A further aspect of BIDS is linking the impact detection with the wounding severity to provide the medic with as much triage information as possible. At this point, it should be noted that the BIDS can be based on a digital signal processor which would sample the incoming analog voltage from the sensors, establish Fast Fourier Transforms and perform power analysis on the signals to determine impacts and locations. Sophisticated algorithms could be established to tell from frequency analysis whether a bone has been struck and from power analysis whether an exit wound exists. In this digital embodiment, BIDS would track multiple impacts in the same general location, as well as potentially providing an indication of wounding severity.

In connection with the creation and testing of the Ballistic Impact Detection System (BIDS) of the invention, hypothesis outlined that acoustic vibrations on the skin created by penetrating ballistic missiles could be sensed and analyzed to determine severity of the wounding event. A proof-of-concept phase was conducted with the acquisition of impact signatures from a swine model used in a non-lethal wounding protocol. During this protocol, a single ‘plastic bullet’ (a 12 mm steel bearing ball with a thin plastic coating weighing approximately 16 grams) was fired from a gas gun at an anesthetized pig (referenced as Test ID 65-4) from a distance of 8 feet. Three impact locations were used—lateral chest, sternum, and abdomen. Velocities ranged from 239 to 298 feet/second. Two Piezo-film sensor elements were attached using duct tape to the back of the animal, symmetrically about the spine just below the scapulas or symmetrically about the sternum. The voltage response from the sensor elements were digitized at 20,000 samples per second and digitally recorded. FIG. 15 illustrates an impact to the left lateral chest for one test (Test ID 65-4). Analysis of the impact signatures showed consistent characteristics. Each waveform was made up of two distinct frequency patterns. The first pattern was a low-amplitude, high-frequency section lasting on the order of 20 milliseconds. The second pattern was a high-amplitude, low-frequency section. FIGS. 16A and 16B show exemplary voltage recordings.

For purposes of this disclosure, we will refer to the high frequency section as the shock wave and the lower frequency section as the tissue displacement wave. FIG. 15 shows the two frequency sections, the shock wave as a fast moving slight rippling 300 effect that moves outward from the impact site and the slower developing tissue displacement wave 310 radiating outward tantamount to ripples in a pool. Examination of FIGS. 16A and 16B show that the shock wave amplitude of the left sensor 10L is greater than the amplitude of the right sensor 10R, confirming that the impact site was the left lateral chest. Examination of the tissue displacement waves also confirms a left side hit. They also show that, once formed, they move rapidly as witnessed by the imperceptible delay of the tissue displacement waves between the sensors. Frequency analysis in the form of Fast Fourier Transforms (FFT) was performed on the waveforms. FIG. 17 shows the FFT performed on the initial 7.5 milliseconds of the shock wave for Test ID 65-4. Peak frequencies in the range from 500 to 1000 Hertz were typical in all shots. The peak frequencies (frequencies with the highest power) in this range from this analysis are tabulated in Table 2. FFTs were also performed on the tissue displacement section of the waveform. In every case the predominant frequency of the tissue displacement wave was 98 Hz±19 Hz.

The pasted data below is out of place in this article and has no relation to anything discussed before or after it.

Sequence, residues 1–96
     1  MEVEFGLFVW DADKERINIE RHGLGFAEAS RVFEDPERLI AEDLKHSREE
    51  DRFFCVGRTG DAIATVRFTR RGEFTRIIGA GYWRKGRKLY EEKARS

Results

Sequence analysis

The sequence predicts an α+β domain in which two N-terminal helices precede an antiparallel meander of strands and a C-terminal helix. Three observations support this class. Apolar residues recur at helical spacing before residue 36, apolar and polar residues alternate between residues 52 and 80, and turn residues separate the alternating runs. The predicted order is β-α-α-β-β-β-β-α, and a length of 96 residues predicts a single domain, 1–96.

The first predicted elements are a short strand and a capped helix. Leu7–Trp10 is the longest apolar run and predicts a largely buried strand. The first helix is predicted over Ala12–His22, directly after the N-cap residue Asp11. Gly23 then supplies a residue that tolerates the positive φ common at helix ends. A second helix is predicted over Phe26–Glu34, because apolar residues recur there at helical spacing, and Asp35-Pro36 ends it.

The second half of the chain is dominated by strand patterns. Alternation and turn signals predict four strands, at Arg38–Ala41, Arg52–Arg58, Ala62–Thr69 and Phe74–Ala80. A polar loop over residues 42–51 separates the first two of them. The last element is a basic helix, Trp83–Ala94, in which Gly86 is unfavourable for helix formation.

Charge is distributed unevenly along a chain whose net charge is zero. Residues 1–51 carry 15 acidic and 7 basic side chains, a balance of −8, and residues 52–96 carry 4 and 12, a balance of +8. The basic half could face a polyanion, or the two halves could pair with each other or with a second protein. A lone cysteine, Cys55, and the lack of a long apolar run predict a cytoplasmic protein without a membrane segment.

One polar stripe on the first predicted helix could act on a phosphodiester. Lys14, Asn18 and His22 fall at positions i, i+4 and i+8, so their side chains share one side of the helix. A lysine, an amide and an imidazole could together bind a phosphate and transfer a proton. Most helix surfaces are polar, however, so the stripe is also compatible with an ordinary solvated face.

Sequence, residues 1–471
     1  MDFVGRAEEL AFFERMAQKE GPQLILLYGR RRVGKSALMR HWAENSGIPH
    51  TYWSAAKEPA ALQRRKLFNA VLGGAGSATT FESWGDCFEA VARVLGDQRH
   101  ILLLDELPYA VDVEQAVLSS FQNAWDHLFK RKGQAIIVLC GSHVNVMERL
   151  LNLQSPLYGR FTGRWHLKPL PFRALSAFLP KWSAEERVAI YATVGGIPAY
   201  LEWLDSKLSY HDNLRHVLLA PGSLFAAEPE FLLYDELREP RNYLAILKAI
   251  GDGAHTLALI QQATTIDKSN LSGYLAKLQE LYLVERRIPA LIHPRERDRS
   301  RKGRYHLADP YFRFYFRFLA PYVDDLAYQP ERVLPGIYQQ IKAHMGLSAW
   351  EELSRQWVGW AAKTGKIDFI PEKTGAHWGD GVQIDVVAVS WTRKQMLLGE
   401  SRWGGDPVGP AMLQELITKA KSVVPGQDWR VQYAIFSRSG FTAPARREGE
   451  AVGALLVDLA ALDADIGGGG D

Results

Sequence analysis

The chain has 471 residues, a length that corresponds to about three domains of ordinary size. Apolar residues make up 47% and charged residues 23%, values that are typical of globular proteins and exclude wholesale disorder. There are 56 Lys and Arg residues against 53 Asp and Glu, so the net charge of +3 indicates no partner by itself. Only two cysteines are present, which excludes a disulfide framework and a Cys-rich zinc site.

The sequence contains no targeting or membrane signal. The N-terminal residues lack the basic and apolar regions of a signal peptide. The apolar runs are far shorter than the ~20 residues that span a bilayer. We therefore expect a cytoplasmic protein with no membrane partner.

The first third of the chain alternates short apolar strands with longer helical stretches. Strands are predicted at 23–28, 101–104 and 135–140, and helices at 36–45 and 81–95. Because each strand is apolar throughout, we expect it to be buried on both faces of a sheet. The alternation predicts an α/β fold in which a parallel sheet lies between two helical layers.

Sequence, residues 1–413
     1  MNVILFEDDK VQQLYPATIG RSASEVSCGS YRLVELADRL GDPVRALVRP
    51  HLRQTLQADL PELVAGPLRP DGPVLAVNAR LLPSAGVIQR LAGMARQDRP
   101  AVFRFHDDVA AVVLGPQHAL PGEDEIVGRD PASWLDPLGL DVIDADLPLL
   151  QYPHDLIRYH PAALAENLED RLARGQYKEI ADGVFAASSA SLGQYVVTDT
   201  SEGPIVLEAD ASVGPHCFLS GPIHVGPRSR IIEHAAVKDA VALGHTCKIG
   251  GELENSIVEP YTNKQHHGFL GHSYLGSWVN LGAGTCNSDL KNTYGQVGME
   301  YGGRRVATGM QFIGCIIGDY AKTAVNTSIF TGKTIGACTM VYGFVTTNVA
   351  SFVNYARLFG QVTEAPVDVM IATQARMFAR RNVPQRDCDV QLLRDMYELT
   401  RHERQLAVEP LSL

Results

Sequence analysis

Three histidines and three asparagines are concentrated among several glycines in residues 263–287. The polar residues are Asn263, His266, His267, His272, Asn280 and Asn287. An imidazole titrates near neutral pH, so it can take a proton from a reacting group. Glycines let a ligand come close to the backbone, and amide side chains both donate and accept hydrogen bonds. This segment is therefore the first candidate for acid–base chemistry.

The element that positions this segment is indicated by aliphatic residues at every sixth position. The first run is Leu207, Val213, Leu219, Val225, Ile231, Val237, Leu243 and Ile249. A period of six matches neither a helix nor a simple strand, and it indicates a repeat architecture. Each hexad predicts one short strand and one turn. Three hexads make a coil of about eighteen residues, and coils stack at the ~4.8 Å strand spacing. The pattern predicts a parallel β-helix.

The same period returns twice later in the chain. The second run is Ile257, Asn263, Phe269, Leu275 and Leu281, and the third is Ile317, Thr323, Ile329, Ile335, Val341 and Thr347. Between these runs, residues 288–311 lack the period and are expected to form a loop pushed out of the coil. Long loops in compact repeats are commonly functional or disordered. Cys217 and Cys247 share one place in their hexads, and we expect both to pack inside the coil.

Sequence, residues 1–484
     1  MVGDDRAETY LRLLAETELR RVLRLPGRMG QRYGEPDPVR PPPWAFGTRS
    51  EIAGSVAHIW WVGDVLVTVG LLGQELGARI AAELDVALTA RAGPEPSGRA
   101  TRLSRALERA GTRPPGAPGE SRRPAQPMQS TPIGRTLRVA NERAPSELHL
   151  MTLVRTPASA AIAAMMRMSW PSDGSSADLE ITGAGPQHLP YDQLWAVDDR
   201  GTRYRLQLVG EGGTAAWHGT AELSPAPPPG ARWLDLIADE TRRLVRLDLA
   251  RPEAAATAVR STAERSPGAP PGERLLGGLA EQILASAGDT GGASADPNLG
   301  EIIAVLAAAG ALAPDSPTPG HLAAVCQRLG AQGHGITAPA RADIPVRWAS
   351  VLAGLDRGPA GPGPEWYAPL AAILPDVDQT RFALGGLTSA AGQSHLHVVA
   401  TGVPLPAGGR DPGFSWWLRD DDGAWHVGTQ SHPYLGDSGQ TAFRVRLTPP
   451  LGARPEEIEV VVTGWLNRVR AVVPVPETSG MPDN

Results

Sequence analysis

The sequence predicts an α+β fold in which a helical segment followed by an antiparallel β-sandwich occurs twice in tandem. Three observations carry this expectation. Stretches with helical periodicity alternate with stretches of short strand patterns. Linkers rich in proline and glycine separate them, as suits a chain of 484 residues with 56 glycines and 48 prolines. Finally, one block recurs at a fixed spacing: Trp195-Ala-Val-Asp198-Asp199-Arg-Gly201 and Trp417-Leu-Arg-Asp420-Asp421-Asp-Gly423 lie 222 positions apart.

TABLE 2
Primary Right Primary Left
Test ID Frequency Frequency Impact Area
11-5 645.8 508.8 Stomach
 12-11 763.2 547.9 Chest
12-9 665.4 743.6 Stomach
 13-11 684.9 665.4 Chest
22-9 724.1 489.2 Abdomen
 24-10 547.9 782.8 Chest
 26-12 508.8 626.2 Sternum
65-1 606.6 645.8 Chest
65-2 821.9 645.8 Sternum
65-3 673.2 665.4 Chest
65-4 782.8 743.6 Chest
65-5 743.6 567.5 Abdomen
65-6 645.8 802.3 Abdomen
 9-3 626.2 508.8 Chest
Average 674.30 638.79
Standard 88.07 104.01
Deviation

The similarity of the primary frequencies provided a proof-of-concept for ballistic impact detection. The primary frequency range (489-822 Hz) of the impact signature is much higher than what is typically generated in the body during routine activity. Running, jumping and even blunt thumps to the body elicit only a typical 100 Hertz tissue displacement frequency that was also seen in the ballistic signature analysis.